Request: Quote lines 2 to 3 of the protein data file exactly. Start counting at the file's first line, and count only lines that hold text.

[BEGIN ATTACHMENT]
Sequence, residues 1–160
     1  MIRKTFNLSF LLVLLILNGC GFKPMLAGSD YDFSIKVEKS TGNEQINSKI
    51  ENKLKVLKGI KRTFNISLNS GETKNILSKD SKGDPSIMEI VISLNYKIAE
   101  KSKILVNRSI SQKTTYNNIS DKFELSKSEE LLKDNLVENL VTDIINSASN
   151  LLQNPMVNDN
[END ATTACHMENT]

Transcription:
     1  MIRKTFNLSF LLVLLILNGC GFKPMLAGSD YDFSIKVEKS TGNEQINSKI
    51  ENKLKVLKGI KRTFNISLNS GETKNILSKD SKGDPSIMEI VISLNYKIAE